Carol RutterLink opens in a new window, Professor of Shakespeare and Performance Studies, will deliver this year's Notre Dame London Shakespeare Lecture, 'Widening the Shakespeare Circle: the Playwright, the Diplomat and the Theatricality of Everyday Life' on Tuesday 22 March, 2022.
Exhibition "'Hear the Ambassadors": The Performance of Diplomacy in the Age of Shakespeare
A foreign state sponsors a political assassination on English soil.
The attempt fails.
In its aftermath, Her Majesty's government asks her expert advisers:
What is the appropriate level of response?
What action can we take against murderous individuals --
and state sponsored terrorism?
But this case dates not from 2018 but 1584, when the Spanish Ambassador in London colluded in a plot to assassinate Elizabeth I. The Queen's Privy Council wanted to execute Mendoza. The jurist Alberico Gentili said they couldn't -- because even criminal ambassadors were protected by the right to diplomatic immunity. The following year Gentili published his comprehensive treatise on the role of the ambassador, a book Henry Wotton undoubtedly knew when he arrived in Venice in 1604, instructed by King James to restore diplomatic relations between London and the Republic.
'Hear the Ambassadors: The Performance of Diplomacy in the Age of Shakespeare' is an exhibition that draws together the strands of this history. It thinks about the theory of embassy. It looks at fictions of embassy on Shakespeare's stage. And it displays the practice of Wotton's Venetian embassy. It gathers a rich collection original documents, objects, and early printed books to illustrate the performance of diplomacy. Curated by Warwick's Professor Carol Chillington Rutter in collaboration with the Shakespeare Birthplace Trust, the exhibition reminds us of the on-going work that ambassadors do to 'represent the person of the Prince' and to 'practice the healing art' of diplomacy.
The exhibition runs from until September 3 2018 in the Treasures Room of the Shakespeare Centre, Stratford upon Avon. It is funded by a grant from the Warwick Impact Fund.
Prof Tony Howard - Shakespeare and the Refugees
A new film of Shakespeare's great speech opposing prejudice. Filmed in Leeds for BBAShakespeare and Prof Tony Howard.
Working with the director Peter Trifunovic, Professor Tony Howard (English Department/Warwick's Multicultural Shakespeare Project) has put together a short film which takes speeches believed to be by Shakespeare and transplants them to a pub in Leeds today. Across the centuries, it speaks powerfully about intolerance and the refugee crisis - during Refugee Week 2018.
World Refugee Day. The Strangers' Case www.youtube.com
Please watch and Spread The Words.
This new film based on a four hundred year old speech shows fear of immigration is nothing new.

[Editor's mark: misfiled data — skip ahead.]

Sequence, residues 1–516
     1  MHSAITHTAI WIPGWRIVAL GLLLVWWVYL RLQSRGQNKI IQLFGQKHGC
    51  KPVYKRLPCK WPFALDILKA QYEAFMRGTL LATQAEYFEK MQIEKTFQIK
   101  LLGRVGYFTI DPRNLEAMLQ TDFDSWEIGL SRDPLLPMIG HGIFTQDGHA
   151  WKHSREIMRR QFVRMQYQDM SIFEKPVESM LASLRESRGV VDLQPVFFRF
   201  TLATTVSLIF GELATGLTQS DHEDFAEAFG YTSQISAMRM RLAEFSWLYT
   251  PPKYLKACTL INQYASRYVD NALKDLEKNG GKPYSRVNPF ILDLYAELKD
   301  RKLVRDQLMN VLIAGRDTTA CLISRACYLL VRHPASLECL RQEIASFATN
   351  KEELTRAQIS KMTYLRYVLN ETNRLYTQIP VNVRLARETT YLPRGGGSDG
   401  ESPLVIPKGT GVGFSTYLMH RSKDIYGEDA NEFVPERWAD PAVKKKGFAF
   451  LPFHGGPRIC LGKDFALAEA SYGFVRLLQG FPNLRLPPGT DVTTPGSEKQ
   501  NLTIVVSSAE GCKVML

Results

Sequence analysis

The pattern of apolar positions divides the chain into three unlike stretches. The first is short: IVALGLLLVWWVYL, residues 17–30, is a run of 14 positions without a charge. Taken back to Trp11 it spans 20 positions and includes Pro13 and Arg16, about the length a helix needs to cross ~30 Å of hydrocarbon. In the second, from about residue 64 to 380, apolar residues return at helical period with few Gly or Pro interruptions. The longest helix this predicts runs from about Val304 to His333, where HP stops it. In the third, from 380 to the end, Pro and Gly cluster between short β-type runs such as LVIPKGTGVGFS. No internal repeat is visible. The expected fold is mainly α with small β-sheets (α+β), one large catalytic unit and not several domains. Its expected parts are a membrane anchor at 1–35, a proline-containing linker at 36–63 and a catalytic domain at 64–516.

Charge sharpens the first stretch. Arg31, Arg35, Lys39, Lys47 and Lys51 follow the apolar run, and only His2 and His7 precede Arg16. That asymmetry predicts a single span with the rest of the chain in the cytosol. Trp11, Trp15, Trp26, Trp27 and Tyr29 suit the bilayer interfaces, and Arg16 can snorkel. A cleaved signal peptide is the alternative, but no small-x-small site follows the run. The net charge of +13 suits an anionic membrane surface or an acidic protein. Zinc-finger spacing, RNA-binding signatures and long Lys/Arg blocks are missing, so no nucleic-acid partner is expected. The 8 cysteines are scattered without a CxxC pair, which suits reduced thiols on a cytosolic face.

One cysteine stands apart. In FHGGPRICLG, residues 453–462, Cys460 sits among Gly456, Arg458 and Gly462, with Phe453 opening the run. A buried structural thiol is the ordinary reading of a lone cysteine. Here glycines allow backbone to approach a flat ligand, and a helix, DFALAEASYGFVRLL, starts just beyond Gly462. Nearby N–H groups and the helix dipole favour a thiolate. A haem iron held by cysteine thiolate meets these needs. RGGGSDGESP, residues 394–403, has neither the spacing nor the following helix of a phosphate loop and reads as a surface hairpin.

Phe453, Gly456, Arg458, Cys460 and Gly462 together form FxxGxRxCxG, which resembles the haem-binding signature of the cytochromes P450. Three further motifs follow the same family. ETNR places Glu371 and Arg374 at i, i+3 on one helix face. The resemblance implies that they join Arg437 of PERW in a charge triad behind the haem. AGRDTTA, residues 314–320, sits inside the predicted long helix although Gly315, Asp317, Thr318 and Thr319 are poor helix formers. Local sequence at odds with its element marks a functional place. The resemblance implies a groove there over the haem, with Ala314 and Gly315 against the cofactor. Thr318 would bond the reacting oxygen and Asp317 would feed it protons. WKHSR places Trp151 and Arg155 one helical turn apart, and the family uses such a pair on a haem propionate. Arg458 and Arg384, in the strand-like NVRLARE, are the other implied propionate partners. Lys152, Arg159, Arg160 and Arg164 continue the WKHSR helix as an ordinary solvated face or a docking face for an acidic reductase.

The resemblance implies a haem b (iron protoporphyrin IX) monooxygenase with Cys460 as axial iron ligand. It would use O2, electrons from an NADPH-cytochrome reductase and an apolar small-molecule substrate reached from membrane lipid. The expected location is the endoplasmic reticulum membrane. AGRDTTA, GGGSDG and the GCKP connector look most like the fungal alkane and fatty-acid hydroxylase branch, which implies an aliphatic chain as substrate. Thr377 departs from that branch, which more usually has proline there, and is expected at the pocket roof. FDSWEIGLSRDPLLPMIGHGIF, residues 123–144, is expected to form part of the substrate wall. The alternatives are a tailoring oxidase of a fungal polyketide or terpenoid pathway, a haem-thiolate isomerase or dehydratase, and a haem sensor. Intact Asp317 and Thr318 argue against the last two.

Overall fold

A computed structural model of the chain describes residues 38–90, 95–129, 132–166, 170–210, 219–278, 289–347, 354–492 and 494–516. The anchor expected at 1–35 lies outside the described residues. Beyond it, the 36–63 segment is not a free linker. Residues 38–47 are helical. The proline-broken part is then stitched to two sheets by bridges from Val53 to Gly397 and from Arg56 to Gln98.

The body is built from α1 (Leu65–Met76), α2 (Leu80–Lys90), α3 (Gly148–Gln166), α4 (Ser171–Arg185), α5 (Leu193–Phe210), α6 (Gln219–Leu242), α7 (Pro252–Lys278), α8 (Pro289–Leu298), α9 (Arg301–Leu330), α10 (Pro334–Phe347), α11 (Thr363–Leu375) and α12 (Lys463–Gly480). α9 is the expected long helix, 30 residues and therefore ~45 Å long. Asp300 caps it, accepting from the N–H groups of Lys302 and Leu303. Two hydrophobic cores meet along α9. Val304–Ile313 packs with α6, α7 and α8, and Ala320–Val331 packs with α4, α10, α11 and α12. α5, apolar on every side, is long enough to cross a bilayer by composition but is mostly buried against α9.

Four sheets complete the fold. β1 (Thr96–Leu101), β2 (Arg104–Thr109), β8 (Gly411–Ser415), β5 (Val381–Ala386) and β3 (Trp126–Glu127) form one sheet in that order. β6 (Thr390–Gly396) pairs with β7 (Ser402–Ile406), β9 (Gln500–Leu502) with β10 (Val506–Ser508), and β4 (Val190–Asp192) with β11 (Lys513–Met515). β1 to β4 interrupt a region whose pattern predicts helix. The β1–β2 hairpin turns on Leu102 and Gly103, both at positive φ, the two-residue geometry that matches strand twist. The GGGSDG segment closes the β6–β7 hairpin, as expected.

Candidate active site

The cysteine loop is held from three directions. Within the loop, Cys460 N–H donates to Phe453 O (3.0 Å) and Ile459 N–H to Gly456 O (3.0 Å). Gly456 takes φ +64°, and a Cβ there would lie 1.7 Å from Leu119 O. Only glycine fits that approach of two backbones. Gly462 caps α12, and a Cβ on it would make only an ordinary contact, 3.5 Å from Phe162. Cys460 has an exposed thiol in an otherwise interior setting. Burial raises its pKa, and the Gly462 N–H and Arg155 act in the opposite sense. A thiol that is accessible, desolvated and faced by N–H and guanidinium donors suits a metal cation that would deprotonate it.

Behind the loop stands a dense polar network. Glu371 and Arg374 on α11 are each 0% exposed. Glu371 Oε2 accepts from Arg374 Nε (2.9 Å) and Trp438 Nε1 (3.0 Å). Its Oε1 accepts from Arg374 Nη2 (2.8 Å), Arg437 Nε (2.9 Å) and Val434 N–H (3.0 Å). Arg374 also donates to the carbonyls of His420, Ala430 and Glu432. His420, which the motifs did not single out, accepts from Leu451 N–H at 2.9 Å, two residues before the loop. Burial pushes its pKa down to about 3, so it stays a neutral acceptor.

In 1517 anti-immigrant riots broke out in London. Thomas More, then a deputy Sheriff of the city, intervened.
Decades later William Shakespeare wrote a speech for the play 'Sir Thomas More', in which More defended asylum seekers - 'the strangers'.
"Ira Aldridge: Against Prejudice" : an event at the Globe Theatre, London, 19th September
Against Prejudice: A celebration of Ira Aldridge
Thursday 19 September, 7 pm, Shakespeare's Globe Theatre
Join us for a celebration of Ira Aldridge, with a staged reading and panel discussion of Against Prejudice: Ira Aldridge Theatre Manager- 1828 led by Tony Howard
More information and link to the ticket office - warwick.ac.uk/thisiscov
Shakespeare and Political Cartoons - Dr David Taylor
Dr David Taylor is curating 'Draw New Mischief’: 250 years of Shakespeare and Political Cartoons in a new exhibition hosted by the Royal Shakespeare Theatre in Stratford upon Avon running 25 February – 15 October 2017. For details of the press release see here. David writes,
"I'm thrilled to be working with the Royal Shakespeare Company on this exhibition. It's been an exciting journey bringing this collection of cartoons together and we're also commissioning new work for current cartoonists that will be added to the exhibition over the course of its run.
“My research into political cartoons is driven by two overarching insights; first, that political cartoons cry out for close literary analysis and, second, that texts by Shakespeare and others shape the way we understand contemporary politics in profound ways that we're often unaware of. When I embarked on this project a number of years ago I felt strongly that the questions it was raising could be effectively presented through an exhibition and the RSC have proved to be the perfect partners in making this happen."
David will be discussing the exhibition on BBC Radio's Free Thinking today!